By now we’ve all heard of Apple Pay, Samsung Pay, Google Wallet and mobile payments, in general. These are the latest and greatest POS technologies on the market, and very significant for the merchants and retailers that need to actually understand and use this technology. Unfortunately, many businesses have choose to ignore the noise and haven’t made any steps toward future proofing their POS solutions, and further, becoming EMV compatible.
This isn’t a new concept or POS trend, EMV POS systems and chip and pin card readers have been around for years, but the U.S. just happens to be one of the last countries in the world to move away from traditional magnetic stripe credit cards.
First, let’s take a step back; what is EMV? As many know, the name comes from its creators (EuroPay, MasterCard and Visa) and it serves as the global standard for cards embedded with micro-computer chips. This small, metallic square located on the front of the card is used to authenticate transactions – or in other words, more secure transactions. Instead of running the same numbers from the magnetic stripe every time you swipe your card, the chip creates a different encrypted transaction code for every purchase.
A wave of widely publicised, large-scale data breaches and credit card fraud in the U.S. reinforced the need for more security at point of sale for many retailers around the country. According to research report from Aite Group, credit card fraud has been on the rise, accounting for nearly 10 cents out of every $100 transacted. The uptick is due in part to the slow migration to EMV, in fact, the U.S. has seen a 70 percent increase in credit card fraud since 2007, compared to the U.K., which has seen an 80 percent decrease after its migration.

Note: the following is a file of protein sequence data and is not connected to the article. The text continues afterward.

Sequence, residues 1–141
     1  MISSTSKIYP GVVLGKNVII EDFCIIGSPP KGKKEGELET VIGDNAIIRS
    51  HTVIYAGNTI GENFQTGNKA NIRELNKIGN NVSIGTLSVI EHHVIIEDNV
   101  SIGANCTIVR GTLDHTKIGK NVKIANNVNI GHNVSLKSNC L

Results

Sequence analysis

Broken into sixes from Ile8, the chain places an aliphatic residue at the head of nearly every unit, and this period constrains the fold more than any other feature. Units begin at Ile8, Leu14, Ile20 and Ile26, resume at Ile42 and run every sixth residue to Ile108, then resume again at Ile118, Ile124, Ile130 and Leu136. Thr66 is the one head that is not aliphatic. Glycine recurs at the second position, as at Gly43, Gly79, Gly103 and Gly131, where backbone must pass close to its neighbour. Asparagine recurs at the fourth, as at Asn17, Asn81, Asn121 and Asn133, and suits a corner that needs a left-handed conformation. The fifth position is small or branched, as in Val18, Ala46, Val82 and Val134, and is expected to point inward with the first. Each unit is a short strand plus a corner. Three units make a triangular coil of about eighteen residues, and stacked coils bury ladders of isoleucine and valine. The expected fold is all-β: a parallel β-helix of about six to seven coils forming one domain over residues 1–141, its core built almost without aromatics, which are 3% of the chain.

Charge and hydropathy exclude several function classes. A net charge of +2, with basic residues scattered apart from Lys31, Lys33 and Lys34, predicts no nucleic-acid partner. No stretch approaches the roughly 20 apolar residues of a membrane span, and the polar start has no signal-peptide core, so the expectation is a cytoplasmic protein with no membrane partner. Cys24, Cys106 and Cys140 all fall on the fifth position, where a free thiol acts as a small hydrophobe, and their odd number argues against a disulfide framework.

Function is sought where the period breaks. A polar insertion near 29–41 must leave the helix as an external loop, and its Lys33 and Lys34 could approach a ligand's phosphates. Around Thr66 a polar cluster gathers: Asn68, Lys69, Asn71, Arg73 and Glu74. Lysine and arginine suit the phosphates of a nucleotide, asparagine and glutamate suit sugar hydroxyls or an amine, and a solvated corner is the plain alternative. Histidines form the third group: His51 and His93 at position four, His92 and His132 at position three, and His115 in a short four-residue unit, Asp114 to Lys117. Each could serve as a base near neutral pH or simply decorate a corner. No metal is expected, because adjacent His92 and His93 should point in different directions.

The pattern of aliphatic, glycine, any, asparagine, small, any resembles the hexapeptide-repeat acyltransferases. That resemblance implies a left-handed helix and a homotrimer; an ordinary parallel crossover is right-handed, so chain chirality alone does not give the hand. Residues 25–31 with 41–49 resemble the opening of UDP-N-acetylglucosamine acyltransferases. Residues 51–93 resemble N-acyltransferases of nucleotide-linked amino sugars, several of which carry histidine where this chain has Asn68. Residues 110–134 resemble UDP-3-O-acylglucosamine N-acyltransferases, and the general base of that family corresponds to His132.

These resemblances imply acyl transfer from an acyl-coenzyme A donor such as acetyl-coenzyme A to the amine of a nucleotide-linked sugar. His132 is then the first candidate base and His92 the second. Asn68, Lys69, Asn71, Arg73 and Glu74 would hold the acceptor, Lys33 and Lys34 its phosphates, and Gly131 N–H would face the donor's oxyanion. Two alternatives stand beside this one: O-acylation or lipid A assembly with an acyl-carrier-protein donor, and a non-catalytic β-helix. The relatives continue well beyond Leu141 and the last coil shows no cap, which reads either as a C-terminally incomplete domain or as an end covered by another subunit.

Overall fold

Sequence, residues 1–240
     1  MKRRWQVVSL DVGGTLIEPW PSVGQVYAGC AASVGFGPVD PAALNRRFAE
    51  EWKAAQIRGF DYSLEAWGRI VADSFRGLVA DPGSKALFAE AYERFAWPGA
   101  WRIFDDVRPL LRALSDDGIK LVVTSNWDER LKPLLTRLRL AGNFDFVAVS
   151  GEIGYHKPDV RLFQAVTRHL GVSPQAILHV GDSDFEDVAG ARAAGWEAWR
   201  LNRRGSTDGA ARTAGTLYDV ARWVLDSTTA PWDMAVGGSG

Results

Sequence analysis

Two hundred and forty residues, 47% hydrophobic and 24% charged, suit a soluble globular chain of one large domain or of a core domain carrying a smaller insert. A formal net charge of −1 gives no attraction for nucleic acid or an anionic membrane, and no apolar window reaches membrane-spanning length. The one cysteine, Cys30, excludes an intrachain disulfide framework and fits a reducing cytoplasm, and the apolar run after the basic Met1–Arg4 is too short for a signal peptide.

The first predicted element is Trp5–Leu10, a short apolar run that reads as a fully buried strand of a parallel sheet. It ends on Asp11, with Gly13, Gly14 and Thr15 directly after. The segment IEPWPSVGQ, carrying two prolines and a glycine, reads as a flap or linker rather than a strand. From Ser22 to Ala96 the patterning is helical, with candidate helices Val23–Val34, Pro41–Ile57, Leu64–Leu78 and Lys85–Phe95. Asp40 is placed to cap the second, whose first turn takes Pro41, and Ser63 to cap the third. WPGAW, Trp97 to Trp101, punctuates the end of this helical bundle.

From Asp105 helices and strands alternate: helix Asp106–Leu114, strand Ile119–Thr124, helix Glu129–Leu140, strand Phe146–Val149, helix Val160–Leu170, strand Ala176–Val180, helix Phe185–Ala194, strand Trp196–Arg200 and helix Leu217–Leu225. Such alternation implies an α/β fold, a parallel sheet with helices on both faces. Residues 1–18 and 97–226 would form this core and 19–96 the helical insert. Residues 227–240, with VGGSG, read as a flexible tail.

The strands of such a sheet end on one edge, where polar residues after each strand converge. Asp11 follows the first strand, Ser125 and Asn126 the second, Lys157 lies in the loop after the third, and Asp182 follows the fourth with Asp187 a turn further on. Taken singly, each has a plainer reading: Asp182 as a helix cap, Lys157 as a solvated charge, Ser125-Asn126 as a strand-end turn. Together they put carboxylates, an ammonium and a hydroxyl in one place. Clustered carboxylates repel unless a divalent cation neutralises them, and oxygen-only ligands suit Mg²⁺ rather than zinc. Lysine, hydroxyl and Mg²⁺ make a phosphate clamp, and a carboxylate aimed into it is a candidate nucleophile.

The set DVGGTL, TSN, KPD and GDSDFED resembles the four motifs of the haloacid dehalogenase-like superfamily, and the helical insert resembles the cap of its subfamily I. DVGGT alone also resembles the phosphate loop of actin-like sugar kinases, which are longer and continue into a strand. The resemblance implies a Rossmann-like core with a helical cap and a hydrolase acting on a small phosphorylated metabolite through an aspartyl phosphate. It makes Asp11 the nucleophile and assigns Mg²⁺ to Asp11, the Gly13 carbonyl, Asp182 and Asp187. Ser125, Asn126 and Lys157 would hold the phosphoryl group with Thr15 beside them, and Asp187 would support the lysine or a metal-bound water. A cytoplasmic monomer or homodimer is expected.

Now, we all can agree that credit card fraud and data breaches are scary but if I’m a business owner, isn’t that the card issuer or bank’s problem? It used to be, but now, U.S. merchants must accept EMV or assume liability for any and all fraudulent purchases. Can you imagine being responsible for compensating the 56 million compromised credit cards during a card breach? Whether you’re a giant retailer or local coffee shop, it’s a huge financial gamble that most businesses around the world aren’t willing to take.
While U.S. businesses have a little bit of time to make the transition, card issuers are already rolling out EMV cards to their customers. Aite Group estimates that nearly 70 percent of credit cards and 40 percent of debit cards in the U.S. will support EMV by the end of 2015. If those numbers hold up and we continue to see the same shift in public opinion and behaviour around payment methods in the U.S. as we’ve seen in the UK and rest of Europe, I’d wager that merchants will be more inclined to update their POS systems and support EMV.